They vanish tongue-tied in their guiltiness. 
 Go you down that way towards the Capitol; 
 This way will I disrobe the images, 65
 If you do find them deck'd with ceremonies.
MARULLUS May we do so? 
 You know it is the feast of Lupercal. 
FLAVIUS It is no matter; let no images 
 Be hung with Caesar's trophies. I'll about, 70
 And drive away the vulgar from the streets:
 So do you too, where you perceive them thick. 
 These growing feathers pluck'd from Caesar's wing 
 Will make him fly an ordinary pitch, 
 Who else would soar above the view of men 
 And keep us all in servile fearfulness.

Next: Julius Caesar, Act 1, Scene 2


Explanatory Notes for Act 1, Scene 1
From Julius Caesar. Ed. Samuel Thurber. Boston: Allyn and Bacon.



The subject of the play, it must be understood from the beginning, is Marcus Brutus.

The idea of a conspiracy against Caesar's life is shown in the first act as originating in the mind of Cassius on grounds of personal enmity, and as finding acceptance in the mind of Brutus on grounds of concern for the public welfare. The deliberate, conscientious meditation of Brutus on the awful step he contemplates as the means of freeing Rome from tyranny, is contrasted with the ardor and the trickery with which Cassius and Casca apply themselves to the furtherance of the plot, and chiefly to the securing of Brutus as its leader. The sum and substance of the act is expressed in the last eight lines of the last scene.
Casca. O, he (i.e. Brutus) sits high in all the people's hearts:
And that which would appear offence in us
His countenance, like richest alchemy.
Will change to virtue and to worthiness.
Cas. Him and his worth and our great need of him
You have right well conceited. Let us go,
For it is after midnight; and ere day
We will awake him and be sure of him.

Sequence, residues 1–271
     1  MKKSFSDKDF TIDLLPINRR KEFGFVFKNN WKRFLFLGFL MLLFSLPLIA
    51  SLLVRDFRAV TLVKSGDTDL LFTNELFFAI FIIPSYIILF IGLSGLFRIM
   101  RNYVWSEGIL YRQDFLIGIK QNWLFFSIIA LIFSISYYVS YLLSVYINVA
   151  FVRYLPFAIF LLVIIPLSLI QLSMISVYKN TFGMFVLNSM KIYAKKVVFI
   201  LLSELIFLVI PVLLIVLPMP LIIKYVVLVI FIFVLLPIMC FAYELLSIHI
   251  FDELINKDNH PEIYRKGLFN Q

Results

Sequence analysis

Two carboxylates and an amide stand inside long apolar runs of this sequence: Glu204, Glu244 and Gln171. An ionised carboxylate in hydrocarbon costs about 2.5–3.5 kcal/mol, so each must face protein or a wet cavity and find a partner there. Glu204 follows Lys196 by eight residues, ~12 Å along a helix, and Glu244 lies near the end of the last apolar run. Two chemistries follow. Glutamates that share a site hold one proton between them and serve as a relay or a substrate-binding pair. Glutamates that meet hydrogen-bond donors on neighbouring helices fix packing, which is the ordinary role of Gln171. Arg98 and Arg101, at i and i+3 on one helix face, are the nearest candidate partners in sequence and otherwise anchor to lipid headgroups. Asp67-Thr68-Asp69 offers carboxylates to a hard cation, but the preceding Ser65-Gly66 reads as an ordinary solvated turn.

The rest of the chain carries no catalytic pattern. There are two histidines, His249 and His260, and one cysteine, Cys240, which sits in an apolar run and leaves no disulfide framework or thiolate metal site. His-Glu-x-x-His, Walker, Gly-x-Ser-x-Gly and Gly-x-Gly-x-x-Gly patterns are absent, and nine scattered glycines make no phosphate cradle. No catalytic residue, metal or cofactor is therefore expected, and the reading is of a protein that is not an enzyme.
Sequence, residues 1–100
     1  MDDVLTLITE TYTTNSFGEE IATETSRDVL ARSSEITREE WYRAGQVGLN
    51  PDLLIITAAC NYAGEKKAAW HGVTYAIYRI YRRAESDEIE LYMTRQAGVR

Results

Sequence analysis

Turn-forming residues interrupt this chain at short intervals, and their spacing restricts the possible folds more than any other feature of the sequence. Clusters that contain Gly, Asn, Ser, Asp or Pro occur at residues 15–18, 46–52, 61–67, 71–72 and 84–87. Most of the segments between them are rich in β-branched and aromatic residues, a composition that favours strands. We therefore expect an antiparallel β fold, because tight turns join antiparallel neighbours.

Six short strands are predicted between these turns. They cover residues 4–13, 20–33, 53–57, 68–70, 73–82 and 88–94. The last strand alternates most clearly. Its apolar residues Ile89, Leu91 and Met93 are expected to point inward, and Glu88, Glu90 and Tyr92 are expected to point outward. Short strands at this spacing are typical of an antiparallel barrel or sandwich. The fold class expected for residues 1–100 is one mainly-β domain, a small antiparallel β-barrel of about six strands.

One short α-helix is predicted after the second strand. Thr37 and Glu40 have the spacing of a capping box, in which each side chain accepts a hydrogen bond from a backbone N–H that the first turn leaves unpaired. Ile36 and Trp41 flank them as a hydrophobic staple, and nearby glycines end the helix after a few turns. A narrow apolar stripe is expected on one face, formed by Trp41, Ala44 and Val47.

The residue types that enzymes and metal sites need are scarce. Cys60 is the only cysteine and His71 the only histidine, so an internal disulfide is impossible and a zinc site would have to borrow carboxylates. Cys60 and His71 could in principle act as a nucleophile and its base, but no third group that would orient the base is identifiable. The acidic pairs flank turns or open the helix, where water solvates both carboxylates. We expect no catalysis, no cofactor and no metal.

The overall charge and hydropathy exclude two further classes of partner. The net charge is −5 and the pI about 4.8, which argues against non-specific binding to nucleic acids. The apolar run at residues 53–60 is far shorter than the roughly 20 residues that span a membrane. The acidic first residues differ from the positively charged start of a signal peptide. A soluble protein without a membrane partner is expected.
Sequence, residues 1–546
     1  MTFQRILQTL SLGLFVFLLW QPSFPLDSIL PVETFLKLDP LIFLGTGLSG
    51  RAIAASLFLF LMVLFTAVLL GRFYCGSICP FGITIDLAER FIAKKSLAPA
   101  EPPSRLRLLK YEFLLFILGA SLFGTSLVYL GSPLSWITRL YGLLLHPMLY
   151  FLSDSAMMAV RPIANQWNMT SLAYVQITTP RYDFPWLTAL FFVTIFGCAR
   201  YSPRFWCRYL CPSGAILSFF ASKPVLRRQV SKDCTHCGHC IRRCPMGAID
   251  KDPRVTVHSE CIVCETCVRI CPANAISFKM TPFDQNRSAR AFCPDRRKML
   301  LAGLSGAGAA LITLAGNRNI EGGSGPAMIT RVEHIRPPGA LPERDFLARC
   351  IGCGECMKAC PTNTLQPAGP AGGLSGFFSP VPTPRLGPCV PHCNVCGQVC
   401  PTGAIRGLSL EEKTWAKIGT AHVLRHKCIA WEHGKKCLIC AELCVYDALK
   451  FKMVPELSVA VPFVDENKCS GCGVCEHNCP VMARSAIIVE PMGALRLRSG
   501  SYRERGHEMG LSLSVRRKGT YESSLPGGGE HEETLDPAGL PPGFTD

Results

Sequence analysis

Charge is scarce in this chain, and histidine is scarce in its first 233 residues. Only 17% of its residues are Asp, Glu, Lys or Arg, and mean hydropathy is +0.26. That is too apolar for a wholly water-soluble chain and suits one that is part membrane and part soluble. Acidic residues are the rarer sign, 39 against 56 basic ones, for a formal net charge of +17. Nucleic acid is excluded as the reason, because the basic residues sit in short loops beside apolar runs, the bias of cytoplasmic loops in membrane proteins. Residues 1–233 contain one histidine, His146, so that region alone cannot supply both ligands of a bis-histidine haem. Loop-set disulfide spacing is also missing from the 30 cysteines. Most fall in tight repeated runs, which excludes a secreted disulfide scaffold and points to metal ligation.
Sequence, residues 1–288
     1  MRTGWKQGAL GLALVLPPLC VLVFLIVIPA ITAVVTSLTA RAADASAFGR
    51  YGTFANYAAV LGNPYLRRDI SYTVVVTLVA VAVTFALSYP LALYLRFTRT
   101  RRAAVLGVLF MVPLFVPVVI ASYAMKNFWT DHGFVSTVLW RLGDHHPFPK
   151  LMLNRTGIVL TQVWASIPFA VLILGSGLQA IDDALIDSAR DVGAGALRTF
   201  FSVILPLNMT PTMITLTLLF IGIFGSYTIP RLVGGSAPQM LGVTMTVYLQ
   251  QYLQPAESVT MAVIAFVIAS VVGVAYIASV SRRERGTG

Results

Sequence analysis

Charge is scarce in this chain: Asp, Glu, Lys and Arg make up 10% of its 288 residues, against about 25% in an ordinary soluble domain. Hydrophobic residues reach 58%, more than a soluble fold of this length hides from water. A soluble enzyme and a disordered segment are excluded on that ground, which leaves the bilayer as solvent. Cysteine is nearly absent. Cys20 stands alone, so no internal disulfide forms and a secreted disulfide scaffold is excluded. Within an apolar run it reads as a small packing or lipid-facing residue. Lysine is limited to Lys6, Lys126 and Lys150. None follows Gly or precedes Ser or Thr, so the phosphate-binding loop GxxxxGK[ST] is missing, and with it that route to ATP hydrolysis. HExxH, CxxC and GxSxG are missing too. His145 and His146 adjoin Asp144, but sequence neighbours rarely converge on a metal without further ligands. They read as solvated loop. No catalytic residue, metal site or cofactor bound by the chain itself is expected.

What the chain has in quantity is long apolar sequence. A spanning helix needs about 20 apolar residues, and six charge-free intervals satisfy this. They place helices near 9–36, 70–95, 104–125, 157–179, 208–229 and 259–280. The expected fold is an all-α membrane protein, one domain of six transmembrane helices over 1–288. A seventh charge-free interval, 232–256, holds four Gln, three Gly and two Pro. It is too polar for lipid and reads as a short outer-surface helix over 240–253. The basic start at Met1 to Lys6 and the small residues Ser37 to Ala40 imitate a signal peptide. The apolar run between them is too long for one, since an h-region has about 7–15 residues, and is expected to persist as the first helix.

(I, 3, 157-164.)
Scene 1

All the actors in this scene disappear from the play with the end of the scene itself. Tribunes and commoners, they are not personae of the drama at all, but speak their brief parts as types of the social divisions and the political animosities of the Rome of Caesar's time. What the historian would require pages to tell and explain the poet in a few lines reveals to us as a picture. The commoners are nameless, as they are in the records of history, and have to be distinguished by being numbered; they are witty, good-natured, coarse of speech, incapable of high political principle. But they represent the physical strength of Rome because they are a multitude and will follow devotedly a leader who wins them to his side. Whoever aspires to control Rome must be popular with the commons, and the commons have been won by Caesar. The tribunes stand by the lost cause of Pompey. The tribunes represent patrician conservatism; they are imperious and full of dignity; their speech is warmed with noble sentiment; they typify Roman patriotism.

Rome. A Street. The scene opens on the feast of the Lupercalia, February 15, in the year 44 B.C. The period of action extends to the battle of Philippi, in the autumn of 42 B.C.

Commoners: common people, tradesmen.

Line 3. being mechanical: being mechanics, workmen.